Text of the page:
Waipā District Council is moving to Water Alert Level 4, with the stream supplying Te Awamutu and Pirongia struggling under the dry conditions with no prospect of rain in sight. At Water Alert Level 4 only essential water use is allowed.
Chief executive, Garry Dyet, said the water services team has been running at full capacity in attempts to help reduce community water use but the move to level 4 was now required.
“Te Awamutu and Pirongia need to keep conserving water as much as possible. The Mangauika Stream which supplies Te Tahi Dam is at an extremely low level which means our dam isn’t getting topped up at the same rate. Reducing our water use is the only thing we can do in the absence of decent rainfall.”
“In Ōhaupō and rural areas, the Pukerimu water treatment plant on Parallel Road is running at full capacity. We can’t make more water so we need our residents to reduce demand urgently.”
NIWA has reported a dry and warm January also led to the rapid depletion of soil moisture levels, which continued throughout February, with drier than normal soils across much of the country. In addition, the New Zealand Drought Index (NZDI) shows that the upper North Island has widespread meteorological drought conditions.
Water Alert Level 4 means
· No use of outside water systems including sprinklers, drip lines, irrigation systems
· No use of hoses
· No filling up or topping up of swimming pools (including paddling or portable pools)
· No outdoor cleaning (including cars)
· No outdoor water toys (including slip and slides and toys that attach to hoses)
· Water can be used for drinking, food preparation, hygiene and sanitary purposes only (including washing clothes and taking showers).
“Keen gardeners take note. Essential use means gardens can only be watered using collected rain water or greywater from inside your home. Put the hose down.”
Te Awamutu’s prized rose gardens will be maintained with watering once every three days using a separate untreated water supply used previously during high water restrictions.
Firefighting and emergency clean ups are exempt from this restriction.
“The Additional town water supply is currently under construction but with a completion date of mid-2021 the current supply will be under strain for one more summer. We need to be vigilant around water use,” Dyet said.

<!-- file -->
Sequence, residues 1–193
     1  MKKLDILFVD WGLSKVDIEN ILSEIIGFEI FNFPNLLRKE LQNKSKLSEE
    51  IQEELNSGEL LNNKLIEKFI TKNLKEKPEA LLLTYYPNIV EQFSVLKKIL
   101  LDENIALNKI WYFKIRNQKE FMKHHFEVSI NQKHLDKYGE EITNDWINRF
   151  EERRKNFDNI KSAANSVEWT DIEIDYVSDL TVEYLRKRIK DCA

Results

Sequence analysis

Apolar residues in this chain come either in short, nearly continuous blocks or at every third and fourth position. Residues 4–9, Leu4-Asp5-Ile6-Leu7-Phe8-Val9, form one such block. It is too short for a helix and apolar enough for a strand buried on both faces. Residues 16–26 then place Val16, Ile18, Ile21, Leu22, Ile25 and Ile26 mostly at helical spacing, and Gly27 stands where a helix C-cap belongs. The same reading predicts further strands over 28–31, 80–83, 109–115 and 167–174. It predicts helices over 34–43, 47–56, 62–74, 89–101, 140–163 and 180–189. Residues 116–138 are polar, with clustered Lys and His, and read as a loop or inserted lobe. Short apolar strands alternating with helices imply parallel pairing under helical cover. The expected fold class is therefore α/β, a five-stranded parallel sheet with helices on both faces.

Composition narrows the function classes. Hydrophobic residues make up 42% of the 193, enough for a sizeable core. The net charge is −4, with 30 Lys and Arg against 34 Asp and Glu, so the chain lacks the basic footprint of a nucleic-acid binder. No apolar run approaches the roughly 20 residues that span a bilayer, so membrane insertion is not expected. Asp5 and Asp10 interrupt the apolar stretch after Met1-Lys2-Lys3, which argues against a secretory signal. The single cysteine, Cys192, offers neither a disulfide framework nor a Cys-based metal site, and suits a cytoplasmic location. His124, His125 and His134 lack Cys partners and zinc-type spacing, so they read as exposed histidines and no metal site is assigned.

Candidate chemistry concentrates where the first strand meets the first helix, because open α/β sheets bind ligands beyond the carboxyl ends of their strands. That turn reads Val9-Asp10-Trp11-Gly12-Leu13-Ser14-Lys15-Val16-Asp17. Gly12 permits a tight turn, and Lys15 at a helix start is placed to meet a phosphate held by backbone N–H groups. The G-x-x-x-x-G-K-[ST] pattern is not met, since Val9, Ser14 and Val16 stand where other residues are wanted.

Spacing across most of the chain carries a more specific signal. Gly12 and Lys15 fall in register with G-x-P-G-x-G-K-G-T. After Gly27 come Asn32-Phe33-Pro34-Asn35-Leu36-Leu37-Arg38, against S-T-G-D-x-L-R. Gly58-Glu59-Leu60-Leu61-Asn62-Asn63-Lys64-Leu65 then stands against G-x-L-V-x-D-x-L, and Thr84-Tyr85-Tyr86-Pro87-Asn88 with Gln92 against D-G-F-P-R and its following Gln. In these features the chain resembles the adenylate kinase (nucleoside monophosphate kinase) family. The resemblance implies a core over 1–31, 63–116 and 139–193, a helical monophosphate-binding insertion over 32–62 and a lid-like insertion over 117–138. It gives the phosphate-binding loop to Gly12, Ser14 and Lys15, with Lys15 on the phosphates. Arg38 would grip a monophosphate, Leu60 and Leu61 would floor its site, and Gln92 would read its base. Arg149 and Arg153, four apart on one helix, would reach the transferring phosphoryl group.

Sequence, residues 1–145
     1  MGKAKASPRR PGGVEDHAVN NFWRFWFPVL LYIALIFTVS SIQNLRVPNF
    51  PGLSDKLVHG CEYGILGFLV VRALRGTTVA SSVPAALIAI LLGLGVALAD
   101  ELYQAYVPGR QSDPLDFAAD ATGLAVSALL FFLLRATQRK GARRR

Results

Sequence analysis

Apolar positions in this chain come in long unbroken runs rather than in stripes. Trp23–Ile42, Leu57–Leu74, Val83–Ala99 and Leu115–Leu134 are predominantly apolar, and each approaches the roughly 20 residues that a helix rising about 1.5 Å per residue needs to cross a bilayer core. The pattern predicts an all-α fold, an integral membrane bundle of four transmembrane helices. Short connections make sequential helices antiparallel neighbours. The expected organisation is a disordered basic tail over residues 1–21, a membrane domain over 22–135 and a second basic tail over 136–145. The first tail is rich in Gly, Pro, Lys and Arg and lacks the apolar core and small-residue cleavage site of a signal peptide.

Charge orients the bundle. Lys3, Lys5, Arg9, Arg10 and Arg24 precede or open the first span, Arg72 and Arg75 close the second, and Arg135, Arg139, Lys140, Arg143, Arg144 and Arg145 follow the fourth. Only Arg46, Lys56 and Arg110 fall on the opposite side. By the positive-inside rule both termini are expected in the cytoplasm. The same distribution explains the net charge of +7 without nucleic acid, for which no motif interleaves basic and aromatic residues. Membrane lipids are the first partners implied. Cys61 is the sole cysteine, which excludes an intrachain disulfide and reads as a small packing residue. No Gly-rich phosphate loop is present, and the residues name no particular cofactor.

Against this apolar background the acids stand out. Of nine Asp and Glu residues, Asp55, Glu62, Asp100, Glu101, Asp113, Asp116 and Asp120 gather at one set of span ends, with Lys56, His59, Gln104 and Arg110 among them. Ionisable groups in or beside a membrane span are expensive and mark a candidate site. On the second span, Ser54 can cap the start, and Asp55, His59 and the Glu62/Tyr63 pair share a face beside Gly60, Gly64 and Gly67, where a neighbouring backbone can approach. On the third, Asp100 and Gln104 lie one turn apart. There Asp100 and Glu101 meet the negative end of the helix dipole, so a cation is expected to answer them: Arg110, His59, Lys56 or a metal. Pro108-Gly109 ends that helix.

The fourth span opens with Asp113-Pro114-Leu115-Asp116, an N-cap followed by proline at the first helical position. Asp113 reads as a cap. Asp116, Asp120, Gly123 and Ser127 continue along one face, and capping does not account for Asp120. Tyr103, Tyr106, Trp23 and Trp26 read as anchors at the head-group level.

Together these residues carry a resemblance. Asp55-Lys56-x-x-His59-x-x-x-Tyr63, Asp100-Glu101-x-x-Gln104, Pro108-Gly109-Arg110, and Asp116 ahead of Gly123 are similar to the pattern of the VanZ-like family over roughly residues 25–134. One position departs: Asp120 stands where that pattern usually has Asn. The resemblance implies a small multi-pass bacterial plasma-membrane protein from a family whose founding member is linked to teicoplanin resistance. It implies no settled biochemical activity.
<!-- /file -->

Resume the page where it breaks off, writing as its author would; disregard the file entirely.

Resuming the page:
Commercial and industrial businesses, and rural residents with water tanks filled from Council trickle water supply, are also required to comply with the total outdoor water ban.
“Obviously a lot of our rural communities require water to run their farms and lifestyle blocks. We can’t have animals going without this basic necessity. We ask that non-essential water use stops immediately until the water restrictions are lifted.”
Council received a great tip from Te Awamutu resident Jenny Shere following the move to Alert 3 on 31 January.
“In an attempt to save water I have been washing dishes in a bowl instead of the sink and using the water when finished with to water plants and shrubs in the garden. I have also captured the last rinse water from the washing machine and used this in the same way.”
Cambridge and Kihikihi start Water Alert Level 1 on Wednesday 12 February. This means sprinklers only allowed between 6-8am and 6-8pm. Handheld hosing anytime.
Residents can subscribe to water alerts and see a list of water-saving tips at www.smartwater.org.nz.
Water alerts also in place in other Waikato areas
Sub-regional partner, Hamilton City Council, is now at water alert level 3 meaning water sprinklers are unable to be used and only hand-held hosing is allowed. These restrictions also apply to Waikato District residents in Tauwhare, Matangi, Gordonton, Tamahere, Newstead/Eureka, Wallace Rd & Stonebridge Estate who are supplied from the Hamilton water network. The rest of Waikato district is not at a water alert.
Hamilton City Council Waters Manager says Waipā having to move to alert Level 4 is a good reminder to Hamilton residents to conserve their water use.
“Hamilton city is currently at Water Alert Level 3 – the first time in seven years that we have had to make this move. We all need to make a concerted effort to save and conserve our water use so we can avoid moving further increasing alert levels during the summer period.”
“We can all do our bit, whether it’s taking shorter showers, using a broom to clean outside areas instead of a hose, or avoiding washing the car for a few weeks – it all makes a massive difference to keeping usage within a manageable limit”, says Ms Porter.
Waipā District Council has developed a tool for residents to see what water alert level applies to their property. Visit www.waipadc.govt.nz/our-services/water-services/smart-water and enter your property address to find out.
For tips on how conserve water at home, head to the Smart Water website, www.smartwater.org.nz.
Smart Water Starts with You! is as sub-regional summer campaign aiming to make long-term change to how we use water and is a joint venture between Hamilton City Council, Waikato District Council and Waipā District Council.
For more information, contact: Karen Cousins, 027 300 5232.